For your enjoyment and benefit, the following is a brief reference guide to help you learn the importance of avoiding debt, how to save (regardless of your income), and and how to save painlessly (and for the masochists- painfully). (more…)
Archive for the ‘creating a budget’ Category
Tags: debt, finances, financial, money
Well I wanted to post on money saving investments today, and all I could come up with was one idea. So I will share my one idea and in return I hope you guys share some ideas on investments that will save money in the long term.
Buy a Freezer: Who hasn’t been frustrated by the inability of their freezer to adequately contain the fruits of a trip to the grocery store? And when meat goes on sale, a rare occurrence, it is a great idea to scoop up as much as possible (and reasonable). For example, our local grocery store occasionally puts 3 lb bags of chicken breast on sale for $3.50 each. The usual price is 7.99-8.99 per bag.
Now, if you owned an individual freezer unit you would have somewhere to put that discount meat- not to mention pastries, frozen veggies, and frozen fruits.
How much can you save with this idea? Well let’s just take the chicken example. My family goes through three bags a month (sometimes four). At $8.50 per bag the cost over the year is $306, while the the cost at $3.50 per bag is less than $130 per year. A savings of $176 dollars over the year. And that is JUST the chicken.
Now I know there are some costs associated with this. For example electricity to run the unit. But, to the best of my knowledge, once the unit is full it is relatively inexpensive to run- as the frozen goods in a packed refrigerator allow the unit to use less electricity than an empty freezer.
So what are your ideas?
As we near out first pay check in over two months (times have been tough but God provided) we are set to implement some money saving procedures and a much improved budget. What have we done? Well I will share with you three tips today to shrink your expenses and saved lots of money
First, perhaps the biggest change for us, we are limiting our grocery/all things Wal-Mart budget (excluding dog food) to $250 per month. We are going to enforce this budget limit by taking out $250 cash at the beginning of the month and placing said cash in an envelope to be used each time we shop. When the money runs out, no more groceries. As an incentive to save more, 50% of the money left over at the end of the month can be used for ANYTHING we want.
Estimated Savings: $200-400/month
Second, we are going automatic. We are signing up as many bills as possible for automatic bill pay. We have been paying anywhere from $5 to $25 dollars in late fees each month. The main offender is our water bill. It is the only bill that comes without a return envelope and is therefore easy to forget about. To make matters worse the local water department are known in our house as the water Nazi’s- if you are two weeks late with your bill they shut off the water and charge $20 bucks (plus late fee) to reconnect. As if they weren’t selling the most abundant resource that only cost about $30 a month, and we were somehow going to run off without paying that hefty $35 dollar water bill….geesh.
Estimated Savings: $5-$25 dollars
Third, we will be paying down our lowest balance credit card in a month or two and using that card for gasoline- NOTHING else! Well okay, emergencies, but only real emergencies. The card will be paid off before the end of each month. It will help us budget our gas money and allow for quick and easy gas purchases. Tried buying gas without a credit card lately? It isn’t fun.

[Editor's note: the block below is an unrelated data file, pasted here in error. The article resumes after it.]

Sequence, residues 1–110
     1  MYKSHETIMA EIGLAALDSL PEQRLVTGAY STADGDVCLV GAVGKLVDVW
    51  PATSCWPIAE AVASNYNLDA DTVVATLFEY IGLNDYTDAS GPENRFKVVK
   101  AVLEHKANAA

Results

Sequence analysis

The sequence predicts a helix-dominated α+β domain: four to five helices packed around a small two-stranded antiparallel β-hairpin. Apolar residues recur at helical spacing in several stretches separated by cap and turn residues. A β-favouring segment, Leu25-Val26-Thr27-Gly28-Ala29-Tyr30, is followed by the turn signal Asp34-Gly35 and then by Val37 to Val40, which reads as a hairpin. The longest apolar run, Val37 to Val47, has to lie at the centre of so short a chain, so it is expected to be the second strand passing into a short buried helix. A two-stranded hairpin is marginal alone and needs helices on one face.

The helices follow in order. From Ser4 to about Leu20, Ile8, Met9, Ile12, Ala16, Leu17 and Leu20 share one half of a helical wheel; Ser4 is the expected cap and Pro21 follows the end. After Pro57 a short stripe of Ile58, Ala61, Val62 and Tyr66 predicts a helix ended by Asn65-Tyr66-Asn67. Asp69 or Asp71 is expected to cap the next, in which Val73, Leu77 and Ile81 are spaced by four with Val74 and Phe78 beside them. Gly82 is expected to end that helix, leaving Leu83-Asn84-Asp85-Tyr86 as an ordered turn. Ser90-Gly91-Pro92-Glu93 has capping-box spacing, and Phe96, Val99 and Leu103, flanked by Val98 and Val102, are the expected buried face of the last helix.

Estimated Savings: $10-$25/month on interest
OVERALL estimated servings: $215-$450 dollars
Why don’t you make your savings automatic- that is after you finish paying off those high interest credit cards? Let me address the latter before tackling the former.
It makes no sense to put your savings in a bank account with less than 2% interest while your credit cards accumulate debt at 16-20% interest. Plus, if a true emergency occurs (i.e. your car breaks down) you can access that money on your credit card just as easily, if not more so, as if it were in your savings account.
Our present financial condition is similar to my physical condition back in February. My wallet is horribly out of shape; my credit cards are stretched like me waist used to be; and cash flow is almost non-existent (much like my previously well concealed six pack). I think that is enough analogies for now, you get the point.
Where are we right now? Well, sad to say, we are burdened by about $15,000+ dollars in credit card debt. That debt costs us about $525/month just to stay on top on minimum payments. Crazy, isn’t it? It wasn’t always like this, when we got married we had three credit cards. It got this way because we (and most often me/I) got suckered into those credit card giveaways. We bought a new mattress and took advantage of the no interest, no payments for a year if you signed up for store credit card “special.” Of course we didn’t pay it off within the year, so we got charged the back interest. Same thing with a digital camera. We also had medical bills we couldn’t pay, so that ended up in a medical credit card. So right now we have about 9 credit cards. I could just smack myself for getting into this mess.
To make matters worse all those cards are maxed out. Why? Well, since my wife is a school teacher and I am a grad student we had two months each year with NO paycheck. We didn’t save/budget well so we ended up living off our credit cards.
So what now? I can’t go back and change this, but I can create an action plan to pay-off this debt. Chances are you could use an action plan too.